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Ten Pin Fun Center no longer a reality for Turlock
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The Prime Shine Car Wash on Monte Vista Avenue will be opening soon but the much anticipated bowling alley slated to be constructed nearby is no longer on the table.

Locals dreaming of bowling a strike at a Turlock bowling alley won’t have the opportunity to do so as the Ten Pin Fun Center project is officially, well, a gutterball.

The 52,000 square-foot family entertainment center that was slated to include a 34 lane bowling alley, a laser tag arena, arcade, and sports bar and grill was approved by the Turlock City Council in December of 2010, but nearly four years later and the property is still a dirt lot. According to property owner Ralph Ogden of Genesis Family Enterprises it may remain that way for a while.

“Everyone wanted the bowling alley including me and my family but we’ve been through a rough five to six years here with the downturn in the market and economy and I think that killed the Ten Pin project,” said Ogden.

While the Monte Vista Avenue property across from the college is now playing host to a Prime Shine Car Wash that is slated to open any day, a car wash was not originally intended for the property. With the Ten Pin Fun Center project delayed due to lack of financial backing in 2013 the City of Turlock Planning Commission agreed to change the restriction of the planned development site to allow the car wash to be built despite previous restrictions that mandated the anchor tenant, Ten Pin, be built first. Just as these restrictions dissolved so did the the developers’ option on the land and the bowling alley is “no longer being actively pursued” according to Jim Theis, one of the three original developers of the project.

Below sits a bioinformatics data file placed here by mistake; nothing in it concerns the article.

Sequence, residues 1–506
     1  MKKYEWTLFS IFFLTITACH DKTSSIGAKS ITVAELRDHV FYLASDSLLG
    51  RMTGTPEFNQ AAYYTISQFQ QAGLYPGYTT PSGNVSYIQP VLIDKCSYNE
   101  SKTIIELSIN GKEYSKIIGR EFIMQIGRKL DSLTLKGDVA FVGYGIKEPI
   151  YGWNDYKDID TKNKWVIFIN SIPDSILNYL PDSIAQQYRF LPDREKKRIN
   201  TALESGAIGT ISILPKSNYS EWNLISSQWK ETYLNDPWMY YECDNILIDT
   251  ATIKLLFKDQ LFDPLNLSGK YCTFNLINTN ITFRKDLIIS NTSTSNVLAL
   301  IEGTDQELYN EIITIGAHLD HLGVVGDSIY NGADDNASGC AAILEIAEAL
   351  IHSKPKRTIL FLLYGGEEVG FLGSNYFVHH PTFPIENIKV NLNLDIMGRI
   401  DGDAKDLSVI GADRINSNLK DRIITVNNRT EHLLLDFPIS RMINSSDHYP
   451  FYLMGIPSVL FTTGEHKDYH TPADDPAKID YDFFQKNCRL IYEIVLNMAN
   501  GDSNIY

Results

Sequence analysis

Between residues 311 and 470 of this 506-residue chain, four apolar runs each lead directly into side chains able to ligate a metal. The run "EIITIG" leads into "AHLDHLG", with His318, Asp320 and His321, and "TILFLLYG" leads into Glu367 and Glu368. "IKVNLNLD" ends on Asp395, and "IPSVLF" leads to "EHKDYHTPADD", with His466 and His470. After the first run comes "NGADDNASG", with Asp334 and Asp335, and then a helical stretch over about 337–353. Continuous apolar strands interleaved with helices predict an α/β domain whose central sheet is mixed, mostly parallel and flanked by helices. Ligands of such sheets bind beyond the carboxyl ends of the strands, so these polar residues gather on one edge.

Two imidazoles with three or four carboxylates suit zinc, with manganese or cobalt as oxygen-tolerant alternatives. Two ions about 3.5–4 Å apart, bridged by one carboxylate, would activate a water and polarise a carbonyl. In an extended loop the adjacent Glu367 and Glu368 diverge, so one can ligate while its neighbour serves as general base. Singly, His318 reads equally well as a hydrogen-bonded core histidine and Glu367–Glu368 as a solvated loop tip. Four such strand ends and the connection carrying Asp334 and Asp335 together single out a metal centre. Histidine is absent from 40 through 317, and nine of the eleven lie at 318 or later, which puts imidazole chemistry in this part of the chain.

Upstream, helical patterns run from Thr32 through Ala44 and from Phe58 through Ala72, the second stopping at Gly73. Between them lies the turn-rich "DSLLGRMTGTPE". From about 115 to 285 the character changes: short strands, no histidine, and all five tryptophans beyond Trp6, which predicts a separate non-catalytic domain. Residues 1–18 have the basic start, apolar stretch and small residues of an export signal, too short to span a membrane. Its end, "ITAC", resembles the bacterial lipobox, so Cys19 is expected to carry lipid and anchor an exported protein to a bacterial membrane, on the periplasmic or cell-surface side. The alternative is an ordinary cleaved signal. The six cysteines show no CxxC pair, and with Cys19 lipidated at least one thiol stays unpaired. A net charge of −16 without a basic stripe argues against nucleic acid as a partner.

“When we started proposing this project it was during the toughest economic times you could go through. In 2010 financing just wasn’t available for these types of projects,” said Theis. “Timing was everything, or rather late timing I guess.”

Ogden also pointed out that Turlock’s location could have played a role in lenders’ willingness to divulge the funds necessary to make Turlock’s bowling alley a reality.

“Turlock is a great community but it’s not a bigger metropolis and if that had been the case lenders might have been more inclined with loans of this magnitude,” Ogden speculated. “As much as we wanted this project lenders look at things differently.”

However, the vacant lot still stands a chance of being developed as something else as Ogden has received a call about the property though no official plans are on the table.

“There’s word going on behind the scenes,” said Ogden.